Swiss Army Man is the funniest thing in theaters, but only if you’re into fart jokes

Photo courtesy A24.

The thing about comedies is, like any joke, they ultimately comes down to the joke-teller’s sense of humor.

Co-writer/directors Daniel Scheinert and Daniel Kwan have a really weird sense of humor.

Swiss Army Man opens on Hank (Paul Dano) cast away on a deserted island and about to hang himself, having long-since run out of food. Before stepping off, he sees a bloated corpse (Daniel Radcliffe) has just washed ashore. Hank investigates, thinking he may be alive, and discovers that the corpse is farting. But these are no normal farts — they come in an endless stream, and are powerful enough to propel the corpse across water. Hank rides the corpse across the ocean, but must still get through a vast wilderness to get to civilization. The corpse reveals more and more useful tricks at every turn and eventually begins to speak and keep Hank company. Hank dubs him Manny, the Swiss-army man, and begins to teach him about love, sex and civilization.

The Daniels made exactly the movie they wanted to make. Swiss Army Man is their unadulterated whimsy, and it comes recommended for that reason alone, but it’s hard to identify who specifically will actually enjoy the movie.

Swiss Army Man is completely deadpan. There’s no “I’ve got a bow and arrow” scene here. It starts with Hank riding a corpse like a jetski, and gets progressively more and more ridiculous from there. The music, variations on the song Hank was humming to himself in the noose, Cotton-Eyed Joe and the Jurassic Park theme remains constant throughout, escalating but never budging, like the movie as a whole. Despite taking place in an open world, it’s got a lot in common with a bottle movie. It’s constantly pushing the same envelope even further, building the same pressure on the audience throughout and never releasing. Think Reservoir Dogs, a very literal bottle movie, or the more recent Neon Demon. 

Knowing they would be using it extensively, the Swiss Army Man team put hours of work into creating a life-like Daniel Radcliffe dummy that could bear weight across water, work as a spigot and perform a variety of other functions as a double, and Radcliffe refused to use it. He insisted on being in every shot unless the insurance company said it was too dangerous. Then on the press tour, he ran around five major cities with his double in tow in what produced some of the defining images of the film.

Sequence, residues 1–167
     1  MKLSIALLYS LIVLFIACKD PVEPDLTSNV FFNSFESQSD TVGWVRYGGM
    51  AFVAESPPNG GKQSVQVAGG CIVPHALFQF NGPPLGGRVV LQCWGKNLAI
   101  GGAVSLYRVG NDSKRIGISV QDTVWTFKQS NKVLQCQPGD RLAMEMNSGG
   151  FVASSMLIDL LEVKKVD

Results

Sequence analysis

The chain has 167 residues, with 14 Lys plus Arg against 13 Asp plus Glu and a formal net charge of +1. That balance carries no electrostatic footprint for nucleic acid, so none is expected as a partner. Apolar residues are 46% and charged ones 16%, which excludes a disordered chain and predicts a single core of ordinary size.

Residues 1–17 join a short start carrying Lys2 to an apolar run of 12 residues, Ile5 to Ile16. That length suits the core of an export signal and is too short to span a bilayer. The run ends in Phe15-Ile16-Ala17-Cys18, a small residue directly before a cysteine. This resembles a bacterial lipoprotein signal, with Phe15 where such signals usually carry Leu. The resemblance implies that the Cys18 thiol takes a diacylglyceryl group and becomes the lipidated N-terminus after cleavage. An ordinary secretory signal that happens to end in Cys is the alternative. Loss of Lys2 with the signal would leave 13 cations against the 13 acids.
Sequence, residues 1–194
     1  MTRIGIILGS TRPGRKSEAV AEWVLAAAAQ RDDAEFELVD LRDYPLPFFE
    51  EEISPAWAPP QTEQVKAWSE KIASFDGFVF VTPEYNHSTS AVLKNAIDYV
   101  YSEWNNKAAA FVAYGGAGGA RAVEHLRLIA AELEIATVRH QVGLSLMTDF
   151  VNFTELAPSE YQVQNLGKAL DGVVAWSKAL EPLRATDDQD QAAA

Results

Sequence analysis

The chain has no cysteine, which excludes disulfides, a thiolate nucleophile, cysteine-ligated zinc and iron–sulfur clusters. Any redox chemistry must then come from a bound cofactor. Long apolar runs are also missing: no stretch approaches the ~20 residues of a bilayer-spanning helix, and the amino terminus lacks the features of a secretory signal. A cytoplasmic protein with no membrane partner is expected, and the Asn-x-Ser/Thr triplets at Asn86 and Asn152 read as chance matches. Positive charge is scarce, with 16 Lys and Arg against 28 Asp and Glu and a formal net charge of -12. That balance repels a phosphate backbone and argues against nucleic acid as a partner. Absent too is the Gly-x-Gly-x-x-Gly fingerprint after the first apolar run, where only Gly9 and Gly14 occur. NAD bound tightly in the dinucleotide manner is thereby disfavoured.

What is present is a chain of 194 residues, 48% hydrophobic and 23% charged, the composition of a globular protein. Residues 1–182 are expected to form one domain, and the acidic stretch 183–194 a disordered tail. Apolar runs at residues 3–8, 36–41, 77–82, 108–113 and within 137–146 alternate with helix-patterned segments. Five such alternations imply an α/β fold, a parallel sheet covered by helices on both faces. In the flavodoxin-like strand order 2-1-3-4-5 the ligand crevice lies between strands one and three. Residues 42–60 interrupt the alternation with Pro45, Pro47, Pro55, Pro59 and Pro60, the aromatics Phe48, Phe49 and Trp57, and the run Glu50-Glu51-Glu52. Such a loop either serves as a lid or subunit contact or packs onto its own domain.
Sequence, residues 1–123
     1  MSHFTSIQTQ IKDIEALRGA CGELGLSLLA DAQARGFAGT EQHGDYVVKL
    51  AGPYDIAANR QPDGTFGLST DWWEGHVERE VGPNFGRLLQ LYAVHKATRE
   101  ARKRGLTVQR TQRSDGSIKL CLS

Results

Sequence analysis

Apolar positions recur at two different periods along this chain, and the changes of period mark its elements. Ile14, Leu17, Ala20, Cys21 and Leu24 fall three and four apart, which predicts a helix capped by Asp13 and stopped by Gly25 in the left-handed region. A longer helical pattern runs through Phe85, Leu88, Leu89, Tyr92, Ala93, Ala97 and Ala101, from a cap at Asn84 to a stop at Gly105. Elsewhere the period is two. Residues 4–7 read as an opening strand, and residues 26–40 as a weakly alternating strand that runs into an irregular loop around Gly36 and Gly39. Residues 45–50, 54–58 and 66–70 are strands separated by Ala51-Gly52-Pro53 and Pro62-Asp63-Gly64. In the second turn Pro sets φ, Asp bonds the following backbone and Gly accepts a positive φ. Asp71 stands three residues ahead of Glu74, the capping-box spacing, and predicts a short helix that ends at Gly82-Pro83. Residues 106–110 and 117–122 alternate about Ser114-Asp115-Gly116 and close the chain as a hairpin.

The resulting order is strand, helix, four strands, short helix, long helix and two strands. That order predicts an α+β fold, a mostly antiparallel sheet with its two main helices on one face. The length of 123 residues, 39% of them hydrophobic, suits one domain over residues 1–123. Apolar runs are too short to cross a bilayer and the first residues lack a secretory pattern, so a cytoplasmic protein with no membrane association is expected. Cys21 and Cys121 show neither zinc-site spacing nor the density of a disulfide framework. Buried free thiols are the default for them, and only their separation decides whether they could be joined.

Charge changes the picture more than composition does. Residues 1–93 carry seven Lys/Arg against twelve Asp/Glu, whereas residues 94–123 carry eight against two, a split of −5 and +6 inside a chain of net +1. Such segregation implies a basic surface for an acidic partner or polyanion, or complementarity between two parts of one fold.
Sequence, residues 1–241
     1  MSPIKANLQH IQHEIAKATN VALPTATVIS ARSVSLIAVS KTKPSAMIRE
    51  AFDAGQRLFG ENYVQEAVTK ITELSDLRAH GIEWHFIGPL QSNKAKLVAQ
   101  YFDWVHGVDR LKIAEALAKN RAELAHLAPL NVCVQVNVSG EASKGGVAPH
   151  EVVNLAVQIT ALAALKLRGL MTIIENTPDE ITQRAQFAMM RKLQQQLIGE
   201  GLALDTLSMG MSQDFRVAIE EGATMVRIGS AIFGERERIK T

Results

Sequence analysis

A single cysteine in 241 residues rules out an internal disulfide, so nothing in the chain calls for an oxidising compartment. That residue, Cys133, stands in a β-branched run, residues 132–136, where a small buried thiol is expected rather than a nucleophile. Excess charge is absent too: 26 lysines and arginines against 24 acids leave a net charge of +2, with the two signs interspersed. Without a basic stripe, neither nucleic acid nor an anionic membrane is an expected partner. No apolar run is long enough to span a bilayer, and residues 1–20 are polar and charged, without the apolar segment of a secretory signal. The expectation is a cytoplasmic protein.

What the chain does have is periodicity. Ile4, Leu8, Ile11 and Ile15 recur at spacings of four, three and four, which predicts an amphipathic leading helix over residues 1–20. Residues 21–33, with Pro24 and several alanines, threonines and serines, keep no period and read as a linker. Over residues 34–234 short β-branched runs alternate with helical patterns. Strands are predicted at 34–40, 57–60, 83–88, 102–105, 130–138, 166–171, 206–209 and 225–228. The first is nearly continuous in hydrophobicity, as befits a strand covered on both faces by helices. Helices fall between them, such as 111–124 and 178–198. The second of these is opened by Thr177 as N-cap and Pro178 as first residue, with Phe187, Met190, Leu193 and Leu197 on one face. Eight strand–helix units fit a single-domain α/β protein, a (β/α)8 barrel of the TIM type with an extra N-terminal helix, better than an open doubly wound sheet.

This is far and away my favorite way to structure a movie because it’s the only structure that’s truly engrossing throughout, but also one of the most difficult. Sadly, Swiss Army Man breaks the tension with two key left turns where the joke kind of changes, and it may not take many viewers out of the movie, but they both kind of jarred me. The first is when Manny starts talking, since they’ve played through 20 minutes at that point of him just sitting there and it would have matched the humor they’d established to go through the entire movie trying to convince the audience the corpse was about to talk, but then denying it. The second is the late plot-twist leading into the film’s bizarre climax. It feels like these three segments of movie don’t fit together like they should.

The themes, on the other hand, fit together beautifully. Swiss Army Man is an intense meditation on trash and behavior that must be hidden due to social mores. The concept of trash is one of the first things Hank explains to Manny because, despite being days from civilization, they encounter heaping piles of it everywhere. Hank simply says about garbage, “People don’t want it anymore, so they hide it.” Manny astutely observes that this is the same thing people do with corpses and social outcasts like Hank, and Hank tells him to jump off a bridge.

But be it Manny or the literal trash they find in the forest, Hank is constantly making something out of other people’s waste. The opening shots are of boats he’s made out of garbage on the deserted island and sent out along the currents calling for help. In that same scene, his noose breaks and he repairs it with Manny’s belt. Their nights together later in the movie are filled with puppet shows and grand shelters Hank has built entirely out of garbage.

Going deeper, Hank connects this to honesty. Just like trash must be hidden, Hank explains that bodily functions like farts and sexual urges must be hidden, despite everyone having them and despite them being a gigantic part of most of our lives. Our eating habits and sexual preferences are core aspects of who we are, but nobody wants to hear about them, so they’re never talked about, and Hank doesn’t really know how to talk or think about them. His entire character arc revolves around his unwillingness to talk about his private self, or even admit that it exists.

Ultimately, more than any other movie that’s come out in a long time, the appeal of Swiss Army Man comes down to the individual, but it’s got a lot of objective merit. Its themes are a lot to chew on, and its unique brand of comedy is a breath of fresh air. With Central Intelligence a month old, standard brain-dead shock comedy Mike and Dave Need Wedding Dates the only other mature comedy in theaters and Paul Feig bringing his profoundly awful laugh-at-how-ugly-my-actresses-are-but-also-feminism brand of shit to next week’s Ghostbusters remake, Swiss Army Man isn’t just the funniest thing out right now, it’s the only funny thing out right now.

Leopold Knopp is a formerly professional film critic, licensed massage therapist and journalism student at the University of North Texas. Like Reel Entropy on Facebook, follow it on Twitter @reelentropy, and shoot questions to

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